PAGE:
While context is key, performance is crucial. These days, everyone has a statistic of choice. Whether you prefer WAR and ERA+ or Wins and ERA, Nola covers all of the bases. His 16-5 record leaves him with the highest winning percentage in the league at .762. Although his bullpen has blown a few of his leads recently, he has managed to lower his ERA to 2.42. He doesn’t strikeout batters at the same rate as Scherzer, but his other peripheral stats give him the advantage. The lack of strikeouts is likely the biggest knock against Nola, however per Fangraphs he has managed to limit hard contact to 24% of all batted balls, which is over 3.5% lower than his career average and has allowed him to pitch effectively without blowing the ball by batters. His primary method for dominance is not relying on an overpowering fastball, but instead by using it less than 50% of the time, opting instead to depend on his best-in-baseball curveball and increased usage of his change-up. On the whole Nola falls right between Scherzer and deGrom in the majority of statistical categories. Per Baseball Reference, he currently ranks in the top three in 17 major pitching categories and is number one in four of them. What separates him however, lies in the trend. Scherzer has struggled with command as of late, but Nola has gotten better as the season has progressed. Statistics support this notion, as his ERA dropped from 3.23 in June to 1.91 in July before plummeting further to a 1.06 mark in August. In addition to success in high temperature games, there is no doubt as to his success in high leverage games. In crunch time, Nola has been at his best, and down the stretch run that will only continue. Now tied with Scherzer by bWAR and leading by nearly a whole point according to ESPN’s WAR metric, the crux of the matter becomes this: do you value strikeouts from a perennial candidate or high leverage effectiveness from a young pitcher with a superior WAR in the middle of the playoff hunt.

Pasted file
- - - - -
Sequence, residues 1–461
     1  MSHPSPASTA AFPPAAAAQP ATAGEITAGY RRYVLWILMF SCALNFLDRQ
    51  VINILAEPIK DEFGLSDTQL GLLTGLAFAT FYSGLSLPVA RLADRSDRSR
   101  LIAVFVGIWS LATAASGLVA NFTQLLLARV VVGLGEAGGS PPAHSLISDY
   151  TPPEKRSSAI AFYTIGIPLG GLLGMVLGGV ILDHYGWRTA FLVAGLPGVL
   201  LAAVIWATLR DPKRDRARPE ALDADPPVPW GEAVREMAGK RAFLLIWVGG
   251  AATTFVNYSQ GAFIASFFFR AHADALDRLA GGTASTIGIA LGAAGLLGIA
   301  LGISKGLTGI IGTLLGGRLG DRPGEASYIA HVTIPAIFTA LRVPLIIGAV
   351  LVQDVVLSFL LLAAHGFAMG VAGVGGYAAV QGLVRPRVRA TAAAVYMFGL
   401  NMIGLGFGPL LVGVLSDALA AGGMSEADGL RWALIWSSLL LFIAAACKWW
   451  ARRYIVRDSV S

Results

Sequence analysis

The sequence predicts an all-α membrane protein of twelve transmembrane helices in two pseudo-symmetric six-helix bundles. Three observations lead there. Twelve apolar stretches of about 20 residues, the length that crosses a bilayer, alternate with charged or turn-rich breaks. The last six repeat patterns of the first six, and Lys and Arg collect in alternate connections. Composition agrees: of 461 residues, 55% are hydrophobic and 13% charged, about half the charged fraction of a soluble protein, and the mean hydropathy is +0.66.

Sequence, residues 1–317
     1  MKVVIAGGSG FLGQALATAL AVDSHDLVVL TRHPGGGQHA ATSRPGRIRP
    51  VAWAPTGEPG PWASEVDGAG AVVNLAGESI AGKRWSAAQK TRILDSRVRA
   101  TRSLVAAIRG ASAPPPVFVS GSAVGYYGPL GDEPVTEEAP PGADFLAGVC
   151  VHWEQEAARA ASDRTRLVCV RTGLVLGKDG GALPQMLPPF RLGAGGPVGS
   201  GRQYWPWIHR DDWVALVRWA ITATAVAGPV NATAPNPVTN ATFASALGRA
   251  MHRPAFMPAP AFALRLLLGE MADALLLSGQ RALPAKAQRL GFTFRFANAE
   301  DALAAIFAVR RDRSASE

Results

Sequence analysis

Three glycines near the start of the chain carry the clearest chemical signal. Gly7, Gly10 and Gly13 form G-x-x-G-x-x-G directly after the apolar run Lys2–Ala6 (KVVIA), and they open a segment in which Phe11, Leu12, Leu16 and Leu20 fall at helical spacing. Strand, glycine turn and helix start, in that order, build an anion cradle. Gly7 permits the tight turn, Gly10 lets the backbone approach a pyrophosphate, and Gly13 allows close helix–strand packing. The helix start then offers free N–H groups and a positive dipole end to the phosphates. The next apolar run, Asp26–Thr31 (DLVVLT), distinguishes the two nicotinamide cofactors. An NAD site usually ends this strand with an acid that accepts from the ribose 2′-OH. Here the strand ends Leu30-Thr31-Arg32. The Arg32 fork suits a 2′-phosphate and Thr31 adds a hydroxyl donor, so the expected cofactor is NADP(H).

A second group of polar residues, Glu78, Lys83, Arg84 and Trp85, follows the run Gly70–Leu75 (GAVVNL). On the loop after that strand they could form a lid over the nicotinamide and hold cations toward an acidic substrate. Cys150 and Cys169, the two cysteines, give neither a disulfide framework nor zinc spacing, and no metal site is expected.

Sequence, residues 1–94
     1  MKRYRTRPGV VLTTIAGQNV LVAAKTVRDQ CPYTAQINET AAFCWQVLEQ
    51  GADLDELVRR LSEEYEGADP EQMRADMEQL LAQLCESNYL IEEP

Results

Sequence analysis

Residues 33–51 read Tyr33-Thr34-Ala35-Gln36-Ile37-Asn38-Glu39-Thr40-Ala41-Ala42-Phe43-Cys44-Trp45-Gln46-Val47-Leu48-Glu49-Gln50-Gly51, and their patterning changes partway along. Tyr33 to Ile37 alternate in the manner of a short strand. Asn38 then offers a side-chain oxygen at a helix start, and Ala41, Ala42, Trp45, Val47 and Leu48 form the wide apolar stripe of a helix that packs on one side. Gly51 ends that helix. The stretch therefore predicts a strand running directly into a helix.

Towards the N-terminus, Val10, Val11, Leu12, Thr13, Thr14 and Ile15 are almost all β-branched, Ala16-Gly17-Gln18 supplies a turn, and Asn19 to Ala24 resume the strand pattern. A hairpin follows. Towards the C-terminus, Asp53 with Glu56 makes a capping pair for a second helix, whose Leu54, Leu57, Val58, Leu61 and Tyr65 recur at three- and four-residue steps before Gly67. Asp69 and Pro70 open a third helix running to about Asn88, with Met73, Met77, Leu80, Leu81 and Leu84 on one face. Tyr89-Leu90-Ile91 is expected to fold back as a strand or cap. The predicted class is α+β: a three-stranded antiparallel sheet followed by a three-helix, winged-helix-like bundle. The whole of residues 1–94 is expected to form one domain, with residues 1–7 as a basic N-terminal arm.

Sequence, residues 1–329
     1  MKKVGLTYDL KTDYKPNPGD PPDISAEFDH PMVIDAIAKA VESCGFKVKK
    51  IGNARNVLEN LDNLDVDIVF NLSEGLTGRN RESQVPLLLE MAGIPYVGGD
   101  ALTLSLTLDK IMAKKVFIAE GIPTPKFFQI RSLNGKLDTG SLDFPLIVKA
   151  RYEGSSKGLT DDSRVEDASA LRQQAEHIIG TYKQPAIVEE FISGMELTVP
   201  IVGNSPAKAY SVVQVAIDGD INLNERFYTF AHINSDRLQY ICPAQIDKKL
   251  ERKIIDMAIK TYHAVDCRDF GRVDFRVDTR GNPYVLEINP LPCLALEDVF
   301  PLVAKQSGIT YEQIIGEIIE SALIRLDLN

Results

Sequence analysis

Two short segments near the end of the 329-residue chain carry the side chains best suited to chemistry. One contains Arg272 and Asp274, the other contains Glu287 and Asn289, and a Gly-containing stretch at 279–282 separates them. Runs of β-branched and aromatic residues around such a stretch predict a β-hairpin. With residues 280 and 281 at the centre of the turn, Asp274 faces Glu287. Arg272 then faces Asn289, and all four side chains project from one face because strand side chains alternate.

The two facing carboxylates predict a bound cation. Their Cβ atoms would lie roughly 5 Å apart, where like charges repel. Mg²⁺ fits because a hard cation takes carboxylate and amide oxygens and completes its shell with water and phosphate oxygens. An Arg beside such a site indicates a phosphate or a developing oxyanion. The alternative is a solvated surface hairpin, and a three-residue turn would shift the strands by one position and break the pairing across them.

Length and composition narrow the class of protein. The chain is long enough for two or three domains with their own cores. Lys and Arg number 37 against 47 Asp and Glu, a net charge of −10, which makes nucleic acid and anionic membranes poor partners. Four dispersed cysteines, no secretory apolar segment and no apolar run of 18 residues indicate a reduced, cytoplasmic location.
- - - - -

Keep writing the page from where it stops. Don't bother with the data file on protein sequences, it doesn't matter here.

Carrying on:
As of 9/12/18: Aaron Nola vs. Jacob deGrom, two leading candidates for the NL Cy Young award.
No matter how you slice it, each of these three pitchers brought their A-game in 2018. At present we are comparing microscopic ERA’s and FIP’s as well as other incredible statistics across the board. Ultimately, the award winner will likely be chosen based on more than just the numbers. In fact, the 2018 National League Cy Young race is shaping up just like it did in 2015. While the Phillies were cellar dwellers, then Chicago Cubs stud Jake Arrieta narrowly took home the award over the Dodgers duo of Zack Greinke and Clayton Kershaw. Greinke paced the three in ERA with a 1.66 mark, while Arrieta followed closely behind with a 1.77 ERA and 22 wins thanks to an incredible run down the stretch. Kershaw was the biggest name of the three but likely the weakest competitor with a 2.13 ERA and 16 wins in an abbreviated season. Based off of the graphs attached below, I would argue that Greinke was hands down the best pitcher that year, far better in nearly every key category except wins and strikeouts, but Arrieta’s storyline of a strong stretch run and his ability to reach the 20-win mark appealed to voters and ultimately tilted the contest in his favor.
Graphs comparing Zack Greinke and Jake Arrieta in 2015, when Arrieta narrowly won the NL Cy Young award.
In yet another year with similarly tight competition, this next month will be the determining factor. If Scherzer hits 20 wins, the award will likely be his. If deGrom can somehow rattle off victories in his next few starts, the same goes for him. If Nola remains the Phillies elixir down the stretch and wills them into the postseason on every fifth day, then he will be victorious. In a year with statistics this close, the storyline will make the difference. In other words, if all goes well the newly minted ace is a just a few successful outings away from the first, of what promises to be many, piece of hardware in his trophy case.